Florida Keys Officials Address Sargassum

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While news reports created awareness of potentially record arrivals of sargassum, the scientific name for the brown seaweed that floats in ocean waters and can wind up on Florida shorelines, a May 31 scientific report indicates that levels have unexpectedly declined.

Continued tracking of sargassum movement by the University of South Florida Optical Oceanography Lab indicates an unexpected 15 percent decline in the quantity of sargassum in the Great Atlantic Sargassum Belt (extending from west Africa to the Gulf of Mexico) during the month of May 2024, compared to April 2024.

For the Florida Keys and east coast of Florida, USF scientists wrote in their latest bulletin that sargassum quantity is likely to decrease in June.

Meanwhile, Florida Keys county and municipal officials say they are removing sargassum from public beaches as needed.

The seaweed itself is not harmful. In fact, recreational and charterboat fishermen seek sargassum in the Gulf Stream because it can provide shade for baitfish and gamefish such as mahi-mahi, known more commonly in the Keys as dolphin, a highly prized gamefish.

But when sargassum ends up on beaches it can harbor jellyfish, sea lice and other sea life. For most beachgoers it is not pleasant to walk through to gain access to the water. Some scientists believe sargassum and items that may wash ashore within it, including plastic, may harbor harmful bacteria.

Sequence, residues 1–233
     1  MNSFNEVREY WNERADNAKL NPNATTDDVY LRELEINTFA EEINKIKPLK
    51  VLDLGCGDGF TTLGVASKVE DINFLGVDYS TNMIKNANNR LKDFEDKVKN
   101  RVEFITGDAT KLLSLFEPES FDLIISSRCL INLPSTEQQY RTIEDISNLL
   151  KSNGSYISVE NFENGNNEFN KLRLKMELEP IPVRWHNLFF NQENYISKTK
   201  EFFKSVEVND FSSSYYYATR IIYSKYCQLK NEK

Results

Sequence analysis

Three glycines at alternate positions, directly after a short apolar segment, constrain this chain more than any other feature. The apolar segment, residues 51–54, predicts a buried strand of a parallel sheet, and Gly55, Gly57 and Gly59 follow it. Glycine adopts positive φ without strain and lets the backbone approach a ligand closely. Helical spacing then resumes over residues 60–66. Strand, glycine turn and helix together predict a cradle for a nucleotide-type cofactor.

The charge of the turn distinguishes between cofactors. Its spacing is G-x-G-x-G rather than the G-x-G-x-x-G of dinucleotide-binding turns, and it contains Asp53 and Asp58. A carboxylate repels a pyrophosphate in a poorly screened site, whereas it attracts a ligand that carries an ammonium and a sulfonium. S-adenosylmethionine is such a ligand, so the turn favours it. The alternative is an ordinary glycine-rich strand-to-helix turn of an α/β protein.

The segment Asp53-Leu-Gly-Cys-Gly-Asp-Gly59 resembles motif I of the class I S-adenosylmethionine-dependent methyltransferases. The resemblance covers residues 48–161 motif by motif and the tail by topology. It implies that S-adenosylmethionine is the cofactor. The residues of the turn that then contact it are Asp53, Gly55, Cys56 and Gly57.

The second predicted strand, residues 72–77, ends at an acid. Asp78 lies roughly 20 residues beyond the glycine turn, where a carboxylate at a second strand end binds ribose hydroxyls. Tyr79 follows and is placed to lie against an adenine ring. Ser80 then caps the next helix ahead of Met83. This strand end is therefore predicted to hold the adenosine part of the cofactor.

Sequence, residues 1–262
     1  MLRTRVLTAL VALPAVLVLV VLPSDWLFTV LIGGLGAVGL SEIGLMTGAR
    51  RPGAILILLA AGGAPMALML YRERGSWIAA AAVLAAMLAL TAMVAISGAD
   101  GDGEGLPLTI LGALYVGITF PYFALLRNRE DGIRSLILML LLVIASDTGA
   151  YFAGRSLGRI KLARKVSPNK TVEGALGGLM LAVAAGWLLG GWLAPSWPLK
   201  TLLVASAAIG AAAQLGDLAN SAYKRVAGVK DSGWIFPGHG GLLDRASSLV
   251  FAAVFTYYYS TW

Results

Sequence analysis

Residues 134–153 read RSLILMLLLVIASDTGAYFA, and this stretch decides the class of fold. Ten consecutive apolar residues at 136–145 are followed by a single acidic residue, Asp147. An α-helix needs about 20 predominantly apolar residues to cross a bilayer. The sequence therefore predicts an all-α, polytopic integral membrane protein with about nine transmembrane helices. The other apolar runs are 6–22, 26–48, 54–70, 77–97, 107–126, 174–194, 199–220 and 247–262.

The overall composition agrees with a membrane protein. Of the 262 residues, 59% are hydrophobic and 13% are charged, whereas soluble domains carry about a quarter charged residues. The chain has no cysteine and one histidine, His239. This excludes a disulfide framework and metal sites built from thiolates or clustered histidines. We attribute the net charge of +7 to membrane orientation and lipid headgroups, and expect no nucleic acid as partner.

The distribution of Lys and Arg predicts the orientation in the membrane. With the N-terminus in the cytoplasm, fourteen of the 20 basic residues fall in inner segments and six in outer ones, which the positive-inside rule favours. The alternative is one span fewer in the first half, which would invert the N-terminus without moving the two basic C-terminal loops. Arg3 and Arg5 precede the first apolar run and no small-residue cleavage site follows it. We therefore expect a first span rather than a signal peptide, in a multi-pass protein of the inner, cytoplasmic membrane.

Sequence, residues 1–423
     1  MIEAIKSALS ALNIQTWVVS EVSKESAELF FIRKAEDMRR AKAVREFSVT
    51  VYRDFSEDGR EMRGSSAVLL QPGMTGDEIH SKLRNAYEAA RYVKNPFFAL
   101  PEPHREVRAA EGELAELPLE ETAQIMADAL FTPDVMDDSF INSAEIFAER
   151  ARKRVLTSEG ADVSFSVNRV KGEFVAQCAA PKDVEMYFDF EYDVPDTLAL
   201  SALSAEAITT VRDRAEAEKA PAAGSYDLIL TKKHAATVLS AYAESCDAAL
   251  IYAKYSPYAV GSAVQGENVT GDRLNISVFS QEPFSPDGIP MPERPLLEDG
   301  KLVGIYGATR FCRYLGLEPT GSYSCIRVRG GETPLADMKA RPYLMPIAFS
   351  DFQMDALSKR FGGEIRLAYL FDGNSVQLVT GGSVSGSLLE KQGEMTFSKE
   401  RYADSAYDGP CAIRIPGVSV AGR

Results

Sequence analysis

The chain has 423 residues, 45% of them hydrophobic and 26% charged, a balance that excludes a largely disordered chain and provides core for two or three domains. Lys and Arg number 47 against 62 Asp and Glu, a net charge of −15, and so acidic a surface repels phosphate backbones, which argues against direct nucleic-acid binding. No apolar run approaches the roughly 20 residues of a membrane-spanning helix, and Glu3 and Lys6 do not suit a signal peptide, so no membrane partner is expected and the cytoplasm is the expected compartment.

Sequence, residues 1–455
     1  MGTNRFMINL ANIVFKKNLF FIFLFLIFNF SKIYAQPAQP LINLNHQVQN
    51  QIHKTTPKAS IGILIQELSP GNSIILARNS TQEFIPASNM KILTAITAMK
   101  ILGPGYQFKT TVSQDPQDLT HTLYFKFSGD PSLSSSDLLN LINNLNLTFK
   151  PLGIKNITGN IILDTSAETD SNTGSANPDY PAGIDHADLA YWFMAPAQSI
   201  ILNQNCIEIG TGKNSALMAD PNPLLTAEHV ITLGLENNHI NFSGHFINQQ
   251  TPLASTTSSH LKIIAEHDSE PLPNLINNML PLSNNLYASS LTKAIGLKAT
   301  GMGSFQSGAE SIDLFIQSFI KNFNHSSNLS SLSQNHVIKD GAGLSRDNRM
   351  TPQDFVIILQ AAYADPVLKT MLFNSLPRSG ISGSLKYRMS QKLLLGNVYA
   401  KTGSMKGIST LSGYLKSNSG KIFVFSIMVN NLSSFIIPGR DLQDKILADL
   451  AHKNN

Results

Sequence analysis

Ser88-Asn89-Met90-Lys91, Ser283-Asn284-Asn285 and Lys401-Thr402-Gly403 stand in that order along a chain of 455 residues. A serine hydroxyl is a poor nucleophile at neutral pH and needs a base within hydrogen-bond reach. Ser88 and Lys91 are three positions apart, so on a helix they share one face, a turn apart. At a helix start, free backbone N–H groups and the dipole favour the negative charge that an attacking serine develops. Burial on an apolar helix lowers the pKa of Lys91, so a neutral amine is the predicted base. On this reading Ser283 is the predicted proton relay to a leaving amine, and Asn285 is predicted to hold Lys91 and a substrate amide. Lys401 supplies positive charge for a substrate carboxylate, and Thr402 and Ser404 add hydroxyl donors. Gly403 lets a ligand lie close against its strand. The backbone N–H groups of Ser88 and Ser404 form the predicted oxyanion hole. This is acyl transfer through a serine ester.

When sargassum washes ashore in big quantities, it can create headaches as it decays under the sun and gives off a rotten egg smell caused by the release of hydrogen sulfide. It may create health issues for some humans who have chronic respiratory problems, according to Monroe County Health Department Administrator Carla Fry.

Sargassum moves with tides, currents and wind.

The problem in South Florida and the Keys is that prevailing winds are typically onshore during spring and summer. So, the only effective way to attack sargassum accumulations is to remove it with equipment and manpower.

“We keep engaged with our beaches in Marathon,” said George Garrett, the city manager for Marathon, whose oceanside public beaches include Sombrero Beach and Coco Plum Beach. “We normally rake four times a week.”

Kevin Wilson, the assistant Monroe County manager, said that the county monitors and responds with equipment to Higgs Beach in Key West seven days a week. If needed, staff will employ seaweed removal twice a day.

The City of Key West employs a beach cleaning contractor that cleans beaches every day, according to Public Information Officer Alyson Crean.

Keys oceanside hotels typically employ their own staff or contractors to deal with sargassum removal.

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